Green AcresBack in March, I wrote about how potential newcomers to Seattle ought to consider moving to less expensive, wholesome, middle-American places where they could enjoy some of Seattle's virtues but on the cheap. One suggestion: North Dakota, a state that is losing so much population that lawmakers are considering paying people to move there. I mean, folks, this beats high taxes, gridlock, and $800,000 bungalows, right? Well, there have been further developments that make Mossback incredibly bullish on NDak as the new Seattle. Microsoft, for one, is staffing up in Fargo and expanding the campus there. They say a $50,000 job in Fargo is equivalent to a $62,000 job in Seattle. That is cash in your pocket. But high-tech jobs isn't all. As you prepare for your annual trip to Hempfest this summer in Seattle to hear celebrities like Rick Steves and Norm Stamper talk about legalizing pot, remember that things are much much more progressive in North Dakota, which is the first state to legalize the growing of industrial hemp, the miracle crop that can provide the raw material for everything from "Dakota" dresses to milk! So, get thee to the Peace Garden State, the low-cost, high-tech Woodstock of the 21st century. Note: If Fargo is just too far, consider life on a Microsoft server farm in Quincy, Wash., with enough electrical power to make it the "Klondike" of the Internet era. It's not North Dakota, but it's centrally located and every second Saturday in September is Farmer Consumer-Awareness Day!
Scooter LiberationI recently wrote about the ups and downs of the Las Vegas monorail, a project that inspired Seattle rail buffs. The gutsy Las Vegans, though, didn't chicken out like we did. They actually built their boondoggle, and now it's losing high-roller money. Impressive. The Vegas monorail's purpose is to whisk gamblers up and down the busy, gridlocked Las Vegas Strip, but, despite trying to lure passengers with showgirls, they have been outdone by entrepreneurs who did not fail to under-estimate the narcissistic laziness of American tourists. The hot new mode of travel on the strip? Healthy, able-bodied people are renting scooters for the disabled. Yes, those little electronic contraptions that handicapped, obese, and elderly people use to get around. The cost is a mere $40 per day, and young people just love 'em. The appeal? According to an Associated Press story, 27-year-old Simon Lezama said, "It was all the walking, and now I can drink and drive, be responsible and save my feet." Plus the hotels and casinos can't kick you out because that would be discrimination. Why do Vegas? Five words: Lazy drunks in electric wheelchairs. Of course, we shouldn't be shocked. You can rent anything in Vegas, including an AK-47 or an Uzi – with lead-free ammo for your health! Yeah, electric scooters and eco-friendly bullets – Vegas is so Al Gore!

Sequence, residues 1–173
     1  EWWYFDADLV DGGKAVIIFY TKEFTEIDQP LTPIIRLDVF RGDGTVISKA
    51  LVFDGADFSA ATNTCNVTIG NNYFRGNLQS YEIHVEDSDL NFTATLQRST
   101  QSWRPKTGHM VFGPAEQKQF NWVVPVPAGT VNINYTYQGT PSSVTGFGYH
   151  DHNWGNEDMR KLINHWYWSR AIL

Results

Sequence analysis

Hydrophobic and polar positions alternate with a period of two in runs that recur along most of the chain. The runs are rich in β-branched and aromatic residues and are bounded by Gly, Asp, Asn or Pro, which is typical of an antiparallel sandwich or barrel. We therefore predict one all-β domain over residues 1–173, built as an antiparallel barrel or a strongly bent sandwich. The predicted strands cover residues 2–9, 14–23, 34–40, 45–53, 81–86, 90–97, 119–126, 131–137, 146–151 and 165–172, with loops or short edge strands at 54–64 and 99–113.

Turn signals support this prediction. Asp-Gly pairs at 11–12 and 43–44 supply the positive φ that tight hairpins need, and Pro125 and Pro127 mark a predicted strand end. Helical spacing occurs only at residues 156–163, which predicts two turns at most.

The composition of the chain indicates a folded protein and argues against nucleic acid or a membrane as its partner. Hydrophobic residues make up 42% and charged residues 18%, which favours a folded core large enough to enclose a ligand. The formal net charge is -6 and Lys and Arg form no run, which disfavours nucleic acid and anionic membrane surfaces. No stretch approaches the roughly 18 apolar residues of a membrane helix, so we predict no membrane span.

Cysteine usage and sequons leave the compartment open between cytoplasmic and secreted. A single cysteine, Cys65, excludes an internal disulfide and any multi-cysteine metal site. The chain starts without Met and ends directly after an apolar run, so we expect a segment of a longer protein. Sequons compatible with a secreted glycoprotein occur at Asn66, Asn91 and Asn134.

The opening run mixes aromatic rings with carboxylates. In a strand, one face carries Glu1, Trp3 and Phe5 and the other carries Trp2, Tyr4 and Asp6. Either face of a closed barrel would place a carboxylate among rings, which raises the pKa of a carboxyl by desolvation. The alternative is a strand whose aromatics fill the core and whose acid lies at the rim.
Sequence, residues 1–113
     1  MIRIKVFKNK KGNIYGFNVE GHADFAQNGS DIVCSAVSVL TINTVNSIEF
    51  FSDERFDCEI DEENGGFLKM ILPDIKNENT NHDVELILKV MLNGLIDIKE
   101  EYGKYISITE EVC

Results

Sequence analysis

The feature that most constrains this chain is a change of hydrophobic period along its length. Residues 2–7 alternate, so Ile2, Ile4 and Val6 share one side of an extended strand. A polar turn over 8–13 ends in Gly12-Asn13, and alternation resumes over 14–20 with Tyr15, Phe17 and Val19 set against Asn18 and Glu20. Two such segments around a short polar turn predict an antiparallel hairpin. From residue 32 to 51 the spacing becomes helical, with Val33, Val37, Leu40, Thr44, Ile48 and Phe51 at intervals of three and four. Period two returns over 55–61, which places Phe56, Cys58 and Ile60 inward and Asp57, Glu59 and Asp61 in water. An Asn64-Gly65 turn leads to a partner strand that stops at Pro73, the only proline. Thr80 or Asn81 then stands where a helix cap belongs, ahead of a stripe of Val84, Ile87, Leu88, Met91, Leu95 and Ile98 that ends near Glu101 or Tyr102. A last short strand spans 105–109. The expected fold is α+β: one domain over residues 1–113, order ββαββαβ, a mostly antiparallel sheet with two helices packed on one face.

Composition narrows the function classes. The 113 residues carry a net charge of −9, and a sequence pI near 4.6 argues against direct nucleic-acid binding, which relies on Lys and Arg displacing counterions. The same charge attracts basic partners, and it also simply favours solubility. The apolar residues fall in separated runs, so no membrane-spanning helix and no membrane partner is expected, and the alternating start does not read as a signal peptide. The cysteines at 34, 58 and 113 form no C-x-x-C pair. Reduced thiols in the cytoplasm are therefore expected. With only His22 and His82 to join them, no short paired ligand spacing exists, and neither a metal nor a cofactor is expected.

Bad news for bearsDa bears are everywhere. I wrote about the problem last week, after a driver on Interstate 90 near North Bend broad-sided and killed a black bear. Since that story, two more bears in the Puget Sound megalopolis were shot and killed – one near a school in Lacey, the other while roving around Yelm. No word on whether the latter one was looking for a 35,000-year-old entity from Lemuria. On the good-news side: The bear that swam across Puget Sound from Maury Island and had been wandering around South King County was tranquilized and captured by wildlife officers who used honey and muffins (not Krispy Kreme donuts) to trap him near the HQ of Weyerhaeuser, the tree-cutting company. Wouldn't want any wildlife to disturb the natural setting of Weyerhaeuser, would we? With that kind of bait, they might have trapped Weyerhaeuser's entire human resources department. During his travels, the bear was nicknamed Columbus, presumably because he liked to explore. I don't think there is any evidence that he was a genocidal maniac, but he was willing to cross a big body of saltwater to get pastries, not unlike most ferry commuters.
Like what you just read? Support high quality local journalism. Become a member of Crosscut today!